More comprehensive research could unravel the complicated relationship between cannabis and seizures, but federal regulations on marijuana keep it on the DEA’s Schedule 1 of highly addictive and dangerous drugs. That makes it difficult to conduct the rigorous research that clears the air and helps cannabis consumers find the answers they’re looking for.

If you’re new to cannabis and want to learn more, take a look at our Cannabis 101 post. HelloMD can help you get your medical marijuana recommendation; it’s easy, private and 100% online.

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Recent studies published within six months of each other make two diametrically opposed claims: One points to cannabis as the likely cause of seizures while the other states that cannabis may prevent them. But the connection between marijuana and seizures is a complex one. And while these studies are grabbing headlines…

Marijuana and Epilepsy

Could a plant that was introduced to the United States by early settlers provide relief for people with epilepsy today? Marijuana (Cannabis sativa) has been grown in the United States since the early 1700s. Settlers brought the plant from Europe to produce hemp. Its use as a medicine was recorded in a reference book from 1850 titled “United States Pharmacopeia”.

According to a recent paper in The Journal of the International League Against Epilepsy (Epilepsia), marijuana was used to treat a variety of conditions in ancient China as far back as 2,700 B.C. They included:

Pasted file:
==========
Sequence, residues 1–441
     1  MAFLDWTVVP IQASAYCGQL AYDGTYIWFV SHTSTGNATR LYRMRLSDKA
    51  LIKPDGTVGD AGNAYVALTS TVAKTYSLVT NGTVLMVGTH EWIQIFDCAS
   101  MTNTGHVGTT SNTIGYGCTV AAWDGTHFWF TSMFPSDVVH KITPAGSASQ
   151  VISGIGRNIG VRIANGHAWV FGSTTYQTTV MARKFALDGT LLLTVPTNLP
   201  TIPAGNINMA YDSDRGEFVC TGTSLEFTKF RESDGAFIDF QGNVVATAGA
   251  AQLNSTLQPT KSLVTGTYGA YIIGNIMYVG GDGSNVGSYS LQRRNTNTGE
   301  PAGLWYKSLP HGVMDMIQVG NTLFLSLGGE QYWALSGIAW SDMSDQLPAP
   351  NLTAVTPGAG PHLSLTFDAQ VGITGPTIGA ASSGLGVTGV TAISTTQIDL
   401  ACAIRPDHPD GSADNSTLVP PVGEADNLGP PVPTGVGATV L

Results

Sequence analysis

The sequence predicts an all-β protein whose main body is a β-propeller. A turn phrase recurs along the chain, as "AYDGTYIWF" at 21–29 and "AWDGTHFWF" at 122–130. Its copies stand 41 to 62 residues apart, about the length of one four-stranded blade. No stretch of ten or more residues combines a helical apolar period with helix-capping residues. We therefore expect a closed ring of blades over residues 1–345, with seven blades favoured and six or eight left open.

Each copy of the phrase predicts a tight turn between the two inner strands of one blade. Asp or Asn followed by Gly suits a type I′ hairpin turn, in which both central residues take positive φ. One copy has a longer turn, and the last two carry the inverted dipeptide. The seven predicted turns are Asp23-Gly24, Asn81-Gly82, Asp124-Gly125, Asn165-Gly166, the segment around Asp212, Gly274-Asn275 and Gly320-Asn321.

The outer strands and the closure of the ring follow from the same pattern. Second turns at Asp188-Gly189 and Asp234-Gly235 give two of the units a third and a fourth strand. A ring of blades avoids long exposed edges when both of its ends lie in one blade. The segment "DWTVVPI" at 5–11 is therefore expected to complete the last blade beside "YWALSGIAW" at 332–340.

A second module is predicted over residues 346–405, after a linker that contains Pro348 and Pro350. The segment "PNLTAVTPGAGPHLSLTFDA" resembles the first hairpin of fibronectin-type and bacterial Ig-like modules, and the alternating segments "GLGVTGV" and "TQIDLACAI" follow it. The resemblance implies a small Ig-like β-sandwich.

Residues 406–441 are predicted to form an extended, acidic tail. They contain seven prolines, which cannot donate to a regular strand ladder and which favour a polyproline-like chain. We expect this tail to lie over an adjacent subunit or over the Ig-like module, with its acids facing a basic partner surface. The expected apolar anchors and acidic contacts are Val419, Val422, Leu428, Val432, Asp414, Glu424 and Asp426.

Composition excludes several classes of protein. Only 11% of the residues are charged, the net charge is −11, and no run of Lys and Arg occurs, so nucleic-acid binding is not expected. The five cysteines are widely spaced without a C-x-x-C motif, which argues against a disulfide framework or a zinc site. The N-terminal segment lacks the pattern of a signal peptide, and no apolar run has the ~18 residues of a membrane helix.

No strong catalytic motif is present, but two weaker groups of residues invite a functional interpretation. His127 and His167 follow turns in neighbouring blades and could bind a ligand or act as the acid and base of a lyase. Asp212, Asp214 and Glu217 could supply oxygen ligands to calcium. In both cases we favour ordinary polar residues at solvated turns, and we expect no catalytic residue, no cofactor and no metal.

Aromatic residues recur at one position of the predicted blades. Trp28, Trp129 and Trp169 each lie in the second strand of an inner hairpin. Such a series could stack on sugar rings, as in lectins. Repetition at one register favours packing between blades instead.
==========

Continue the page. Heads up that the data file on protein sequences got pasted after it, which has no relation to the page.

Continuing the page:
There is also evidence it was used in medieval times to treat:

  • nausea
  • vomiting
  • epilepsy
  • inflammation
  • pain
  • fever

Marijuana was given the status of a “schedule 1” drug class in the U.S. in 1970. As a result, studying how safe and effective it is as a medicine has been difficult for researchers.

Many people suffering from epilepsy say marijuana stops their seizures, but there is little scientific evidence. Researchers must apply for a special license from the Drug Enforcement Administration in order to study marijuana. They need permission to access to a supply kept by the National Institute for Drug Abuse. These challenges have slowed research.

However, there have been a handful of studies conducted in the U.S. since 1970. Other studies, even some ongoing, have been done around the world.

The findings reveal that the most well-known active ingredient in marijuana, tetrahydrocannabinol (THC), is just one of a group of compounds which have medicinal effects. Another, known as cannabidiol (CBD), does not cause the “high” associated with marijuana. It is emerging as one of the plant’s leading medicinal compounds.